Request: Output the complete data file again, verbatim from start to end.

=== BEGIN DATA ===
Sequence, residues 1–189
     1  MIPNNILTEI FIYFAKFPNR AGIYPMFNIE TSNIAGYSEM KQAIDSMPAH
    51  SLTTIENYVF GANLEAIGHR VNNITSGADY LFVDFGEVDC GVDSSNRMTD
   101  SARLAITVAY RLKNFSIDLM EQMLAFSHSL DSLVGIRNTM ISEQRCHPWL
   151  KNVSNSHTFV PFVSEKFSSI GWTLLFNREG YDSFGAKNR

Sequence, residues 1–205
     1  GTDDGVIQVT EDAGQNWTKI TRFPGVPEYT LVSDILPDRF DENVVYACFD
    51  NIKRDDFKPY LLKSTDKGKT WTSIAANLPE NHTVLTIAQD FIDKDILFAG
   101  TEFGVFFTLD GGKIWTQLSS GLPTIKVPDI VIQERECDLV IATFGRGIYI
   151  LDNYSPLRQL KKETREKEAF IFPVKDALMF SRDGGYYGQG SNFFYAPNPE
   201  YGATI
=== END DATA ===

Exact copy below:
Sequence, residues 1–189
     1  MIPNNILTEI FIYFAKFPNR AGIYPMFNIE TSNIAGYSEM KQAIDSMPAH
    51  SLTTIENYVF GANLEAIGHR VNNITSGADY LFVDFGEVDC GVDSSNRMTD
   101  SARLAITVAY RLKNFSIDLM EQMLAFSHSL DSLVGIRNTM ISEQRCHPWL
   151  KNVSNSHTFV PFVSEKFSSI GWTLLFNREG YDSFGAKNR

Sequence, residues 1–205
     1  GTDDGVIQVT EDAGQNWTKI TRFPGVPEYT LVSDILPDRF DENVVYACFD
    51  NIKRDDFKPY LLKSTDKGKT WTSIAANLPE NHTVLTIAQD FIDKDILFAG
   101  TEFGVFFTLD GGKIWTQLSS GLPTIKVPDI VIQERECDLV IATFGRGIYI
   151  LDNYSPLRQL KKETREKEAF IFPVKDALMF SRDGGYYGQG SNFFYAPNPE
   201  YGATI